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Texas Matters: Remembering The New London School Explosion

The aftermath of the natural gas explosion at the New London school.

Seventy-five years ago, Texas saw the deadliest school disaster in American history, the explosion at the London Junior-Senior High School – March 18, 1937.
The estimated death toll varies from 296 to 319. It’s impossible to know the exact number. New London, which is in Rusk county, at the time was filled with transient oilfield workers and the school records were destroyed in the blast. Approximately 600 students and 40 teachers were in the building at the time. Only about 130 escaped without serious injury.

The cause of the explosion of a build-up of natural gas in the school. Three months earlier the school board canceled the contract with the United Gas Company to save $300 a month. The school district, which due to the oil boom was considered the richest in the nation, had a plumber tap into a residue gas line of a local oil company to get free natural gas. The gas line connection was faulty and leaked. In the days following the explosion parents wanted answers. Over 70 lawsuits were filed. They were all dismissed. No school officials were found liable.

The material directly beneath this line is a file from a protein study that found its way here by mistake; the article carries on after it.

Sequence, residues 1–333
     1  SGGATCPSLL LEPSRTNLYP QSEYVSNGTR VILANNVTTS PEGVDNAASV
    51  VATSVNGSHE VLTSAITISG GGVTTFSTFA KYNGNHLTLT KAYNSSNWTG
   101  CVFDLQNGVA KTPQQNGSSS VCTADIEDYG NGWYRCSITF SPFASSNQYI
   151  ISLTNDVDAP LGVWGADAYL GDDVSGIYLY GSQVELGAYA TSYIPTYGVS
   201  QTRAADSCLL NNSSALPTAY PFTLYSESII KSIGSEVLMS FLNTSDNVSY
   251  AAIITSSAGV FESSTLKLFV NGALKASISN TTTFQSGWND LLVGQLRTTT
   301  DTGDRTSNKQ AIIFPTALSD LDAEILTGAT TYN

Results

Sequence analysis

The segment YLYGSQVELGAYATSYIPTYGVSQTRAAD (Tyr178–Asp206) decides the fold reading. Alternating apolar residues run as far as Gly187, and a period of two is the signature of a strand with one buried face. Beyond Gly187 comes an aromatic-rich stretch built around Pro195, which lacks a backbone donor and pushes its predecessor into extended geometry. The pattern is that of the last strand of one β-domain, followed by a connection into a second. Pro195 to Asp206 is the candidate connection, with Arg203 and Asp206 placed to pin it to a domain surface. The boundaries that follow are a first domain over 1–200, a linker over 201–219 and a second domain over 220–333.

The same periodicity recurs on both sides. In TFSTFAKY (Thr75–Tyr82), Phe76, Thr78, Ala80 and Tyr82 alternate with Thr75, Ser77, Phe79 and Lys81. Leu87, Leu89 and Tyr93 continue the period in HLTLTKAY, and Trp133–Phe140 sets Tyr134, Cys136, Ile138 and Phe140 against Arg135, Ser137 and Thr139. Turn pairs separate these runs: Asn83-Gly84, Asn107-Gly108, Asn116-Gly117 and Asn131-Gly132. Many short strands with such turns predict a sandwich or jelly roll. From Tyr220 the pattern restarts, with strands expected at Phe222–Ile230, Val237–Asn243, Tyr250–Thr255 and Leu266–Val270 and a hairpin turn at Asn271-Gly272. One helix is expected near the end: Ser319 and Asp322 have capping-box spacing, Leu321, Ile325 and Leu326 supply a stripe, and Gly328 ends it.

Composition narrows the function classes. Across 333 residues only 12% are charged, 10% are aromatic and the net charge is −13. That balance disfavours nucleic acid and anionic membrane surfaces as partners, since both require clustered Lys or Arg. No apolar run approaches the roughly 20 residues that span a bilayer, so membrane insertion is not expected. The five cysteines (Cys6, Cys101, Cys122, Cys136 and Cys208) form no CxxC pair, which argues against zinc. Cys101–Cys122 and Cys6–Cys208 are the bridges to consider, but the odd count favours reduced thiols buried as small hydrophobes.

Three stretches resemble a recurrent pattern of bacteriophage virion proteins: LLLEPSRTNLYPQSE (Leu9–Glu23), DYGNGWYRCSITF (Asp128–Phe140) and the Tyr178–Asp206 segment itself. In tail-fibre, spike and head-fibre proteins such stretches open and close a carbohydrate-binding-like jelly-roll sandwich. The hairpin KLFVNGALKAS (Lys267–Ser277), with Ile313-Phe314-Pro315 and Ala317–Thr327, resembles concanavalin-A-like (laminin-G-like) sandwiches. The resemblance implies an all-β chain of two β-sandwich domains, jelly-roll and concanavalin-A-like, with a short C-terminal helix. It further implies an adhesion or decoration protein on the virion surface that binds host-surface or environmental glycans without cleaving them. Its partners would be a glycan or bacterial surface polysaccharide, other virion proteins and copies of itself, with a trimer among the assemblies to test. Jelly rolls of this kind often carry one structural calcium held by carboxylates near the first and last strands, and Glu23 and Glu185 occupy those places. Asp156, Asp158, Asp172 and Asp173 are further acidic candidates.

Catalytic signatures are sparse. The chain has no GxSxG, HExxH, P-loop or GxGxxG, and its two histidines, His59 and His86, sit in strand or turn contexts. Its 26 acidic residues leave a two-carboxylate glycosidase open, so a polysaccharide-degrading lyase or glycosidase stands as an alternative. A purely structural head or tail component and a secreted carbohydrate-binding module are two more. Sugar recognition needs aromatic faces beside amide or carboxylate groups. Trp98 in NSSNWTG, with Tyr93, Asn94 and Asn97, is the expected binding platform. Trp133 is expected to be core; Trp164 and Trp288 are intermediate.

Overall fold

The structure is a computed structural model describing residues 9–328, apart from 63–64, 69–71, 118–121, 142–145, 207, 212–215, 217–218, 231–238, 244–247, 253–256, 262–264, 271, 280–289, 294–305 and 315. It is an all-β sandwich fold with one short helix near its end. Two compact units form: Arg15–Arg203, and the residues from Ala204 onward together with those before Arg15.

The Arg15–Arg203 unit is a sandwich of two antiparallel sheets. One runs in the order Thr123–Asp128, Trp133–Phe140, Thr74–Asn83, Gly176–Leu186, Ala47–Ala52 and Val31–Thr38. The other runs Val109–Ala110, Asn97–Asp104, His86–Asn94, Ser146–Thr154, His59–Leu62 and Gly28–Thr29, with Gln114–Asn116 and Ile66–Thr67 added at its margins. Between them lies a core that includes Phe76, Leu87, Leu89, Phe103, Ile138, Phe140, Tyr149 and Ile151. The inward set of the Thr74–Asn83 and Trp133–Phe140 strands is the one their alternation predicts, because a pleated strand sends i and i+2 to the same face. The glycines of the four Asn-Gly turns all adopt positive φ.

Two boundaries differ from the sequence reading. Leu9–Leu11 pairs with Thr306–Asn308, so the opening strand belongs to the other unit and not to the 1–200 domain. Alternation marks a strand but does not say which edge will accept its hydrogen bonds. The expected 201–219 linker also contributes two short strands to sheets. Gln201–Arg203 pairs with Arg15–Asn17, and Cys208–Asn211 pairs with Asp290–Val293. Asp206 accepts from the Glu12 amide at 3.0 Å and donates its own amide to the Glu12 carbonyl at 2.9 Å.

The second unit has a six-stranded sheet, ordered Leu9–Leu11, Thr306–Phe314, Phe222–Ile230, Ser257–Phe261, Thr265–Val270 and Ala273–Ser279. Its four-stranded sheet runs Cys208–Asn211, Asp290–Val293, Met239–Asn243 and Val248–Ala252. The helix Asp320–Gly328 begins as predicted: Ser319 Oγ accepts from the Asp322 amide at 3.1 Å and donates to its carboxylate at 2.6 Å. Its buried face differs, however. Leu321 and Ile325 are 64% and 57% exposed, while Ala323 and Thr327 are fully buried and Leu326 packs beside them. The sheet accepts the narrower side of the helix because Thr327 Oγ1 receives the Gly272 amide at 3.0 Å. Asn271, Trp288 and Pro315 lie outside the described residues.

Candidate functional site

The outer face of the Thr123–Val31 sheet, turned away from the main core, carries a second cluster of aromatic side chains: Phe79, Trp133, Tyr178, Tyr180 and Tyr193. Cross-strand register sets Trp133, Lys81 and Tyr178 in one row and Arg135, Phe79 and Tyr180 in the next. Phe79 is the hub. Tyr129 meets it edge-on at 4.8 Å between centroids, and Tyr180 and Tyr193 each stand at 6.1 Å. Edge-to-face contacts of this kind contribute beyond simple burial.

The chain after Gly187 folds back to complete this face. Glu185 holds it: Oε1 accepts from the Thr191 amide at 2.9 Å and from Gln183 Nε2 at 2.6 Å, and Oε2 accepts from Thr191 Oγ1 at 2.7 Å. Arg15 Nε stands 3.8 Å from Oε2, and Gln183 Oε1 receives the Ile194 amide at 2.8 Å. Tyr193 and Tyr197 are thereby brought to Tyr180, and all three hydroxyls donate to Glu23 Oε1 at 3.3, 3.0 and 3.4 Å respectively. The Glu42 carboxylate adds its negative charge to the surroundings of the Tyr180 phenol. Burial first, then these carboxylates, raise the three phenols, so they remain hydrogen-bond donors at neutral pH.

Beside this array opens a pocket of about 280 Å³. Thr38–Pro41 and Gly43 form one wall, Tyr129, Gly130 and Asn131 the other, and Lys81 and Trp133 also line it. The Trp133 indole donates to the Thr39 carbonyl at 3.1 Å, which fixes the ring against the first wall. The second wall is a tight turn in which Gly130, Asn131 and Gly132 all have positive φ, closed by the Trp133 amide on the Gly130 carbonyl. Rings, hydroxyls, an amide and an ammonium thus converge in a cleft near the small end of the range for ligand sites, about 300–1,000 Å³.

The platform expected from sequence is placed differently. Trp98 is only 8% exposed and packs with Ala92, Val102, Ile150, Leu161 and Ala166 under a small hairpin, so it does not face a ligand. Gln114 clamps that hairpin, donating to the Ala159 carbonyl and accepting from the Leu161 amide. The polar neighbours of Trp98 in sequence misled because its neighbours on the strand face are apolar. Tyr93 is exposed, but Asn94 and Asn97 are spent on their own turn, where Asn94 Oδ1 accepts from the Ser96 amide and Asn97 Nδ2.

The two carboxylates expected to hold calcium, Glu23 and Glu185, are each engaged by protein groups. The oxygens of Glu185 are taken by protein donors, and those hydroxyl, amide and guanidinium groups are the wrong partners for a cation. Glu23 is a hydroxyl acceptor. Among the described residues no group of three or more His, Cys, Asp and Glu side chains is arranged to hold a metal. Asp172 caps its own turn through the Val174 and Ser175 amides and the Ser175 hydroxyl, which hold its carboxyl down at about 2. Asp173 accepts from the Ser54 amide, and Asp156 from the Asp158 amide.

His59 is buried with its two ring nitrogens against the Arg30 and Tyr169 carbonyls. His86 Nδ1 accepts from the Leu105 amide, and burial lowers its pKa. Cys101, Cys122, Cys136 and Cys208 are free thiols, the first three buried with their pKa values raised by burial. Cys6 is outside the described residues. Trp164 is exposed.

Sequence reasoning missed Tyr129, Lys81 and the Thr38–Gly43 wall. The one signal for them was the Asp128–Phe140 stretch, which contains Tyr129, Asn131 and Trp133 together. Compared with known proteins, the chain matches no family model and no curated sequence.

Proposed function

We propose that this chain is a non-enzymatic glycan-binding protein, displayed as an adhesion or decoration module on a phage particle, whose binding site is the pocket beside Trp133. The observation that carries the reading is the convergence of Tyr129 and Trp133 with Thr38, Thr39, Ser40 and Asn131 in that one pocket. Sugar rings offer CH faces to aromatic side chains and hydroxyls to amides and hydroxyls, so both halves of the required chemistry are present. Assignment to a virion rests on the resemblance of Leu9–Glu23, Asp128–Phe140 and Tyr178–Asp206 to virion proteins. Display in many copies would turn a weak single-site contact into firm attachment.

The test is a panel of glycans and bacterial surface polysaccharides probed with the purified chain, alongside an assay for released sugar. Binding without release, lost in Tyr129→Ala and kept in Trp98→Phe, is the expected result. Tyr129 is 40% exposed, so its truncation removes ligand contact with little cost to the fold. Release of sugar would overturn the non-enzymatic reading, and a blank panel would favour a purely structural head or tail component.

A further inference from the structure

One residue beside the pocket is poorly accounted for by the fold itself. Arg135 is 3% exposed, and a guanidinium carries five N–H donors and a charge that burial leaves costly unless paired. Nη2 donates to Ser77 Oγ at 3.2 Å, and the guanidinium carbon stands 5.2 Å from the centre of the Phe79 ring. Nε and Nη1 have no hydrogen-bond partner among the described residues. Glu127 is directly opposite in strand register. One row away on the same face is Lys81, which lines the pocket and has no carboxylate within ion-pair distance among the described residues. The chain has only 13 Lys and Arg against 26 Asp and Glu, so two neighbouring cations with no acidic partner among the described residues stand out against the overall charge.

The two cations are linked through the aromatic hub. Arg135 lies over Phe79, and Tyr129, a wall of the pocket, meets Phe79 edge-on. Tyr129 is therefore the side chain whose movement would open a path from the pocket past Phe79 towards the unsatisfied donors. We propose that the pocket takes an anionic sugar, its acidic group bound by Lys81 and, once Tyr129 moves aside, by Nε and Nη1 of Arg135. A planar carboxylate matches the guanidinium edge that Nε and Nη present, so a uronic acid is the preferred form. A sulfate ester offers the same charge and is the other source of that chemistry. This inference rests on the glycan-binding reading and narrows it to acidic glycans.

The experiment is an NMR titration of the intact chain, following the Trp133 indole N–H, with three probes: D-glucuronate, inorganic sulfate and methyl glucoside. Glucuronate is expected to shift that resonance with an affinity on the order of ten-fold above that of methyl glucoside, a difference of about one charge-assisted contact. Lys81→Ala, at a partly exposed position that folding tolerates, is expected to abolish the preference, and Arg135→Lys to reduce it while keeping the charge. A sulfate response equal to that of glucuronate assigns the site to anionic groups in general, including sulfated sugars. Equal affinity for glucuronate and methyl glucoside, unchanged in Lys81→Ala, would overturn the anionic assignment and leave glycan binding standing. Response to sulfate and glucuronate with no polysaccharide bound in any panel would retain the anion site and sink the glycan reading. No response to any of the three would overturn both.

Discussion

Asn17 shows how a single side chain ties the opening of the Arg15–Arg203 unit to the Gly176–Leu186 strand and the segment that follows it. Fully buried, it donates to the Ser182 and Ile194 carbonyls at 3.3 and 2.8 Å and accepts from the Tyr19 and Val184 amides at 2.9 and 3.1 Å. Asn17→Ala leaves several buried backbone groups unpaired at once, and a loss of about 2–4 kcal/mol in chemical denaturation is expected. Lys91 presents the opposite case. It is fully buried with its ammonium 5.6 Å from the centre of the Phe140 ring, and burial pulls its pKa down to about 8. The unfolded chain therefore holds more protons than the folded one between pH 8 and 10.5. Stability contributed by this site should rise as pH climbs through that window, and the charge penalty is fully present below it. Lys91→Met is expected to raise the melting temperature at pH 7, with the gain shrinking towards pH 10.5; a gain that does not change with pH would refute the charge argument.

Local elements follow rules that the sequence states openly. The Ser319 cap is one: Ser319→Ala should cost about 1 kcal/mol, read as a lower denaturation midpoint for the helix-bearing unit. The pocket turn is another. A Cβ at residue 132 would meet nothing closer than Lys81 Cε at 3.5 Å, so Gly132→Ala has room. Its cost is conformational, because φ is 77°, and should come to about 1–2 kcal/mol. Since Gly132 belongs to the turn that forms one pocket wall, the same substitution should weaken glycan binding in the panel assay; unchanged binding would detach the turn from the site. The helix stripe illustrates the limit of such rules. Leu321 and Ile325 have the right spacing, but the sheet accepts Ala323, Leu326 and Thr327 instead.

This weekend in New London, survivors of the explosion will gather at the school grounds in front of a 30 foot granite monument and remember March 18, 1937, and the lives lost that day.

The story of the New London Explosion and its aftermath is told in a new book called “Gone at 3:17: The Untold Story of the Worst School Disaster in American History.”

David M. Brown is a co-author of the book along with Michael Wereschagin. It’s published by Potomac Books.


David Martin Davies can be reached at dmdavies@tpr.org and on Twitter at @DavidMartinDavi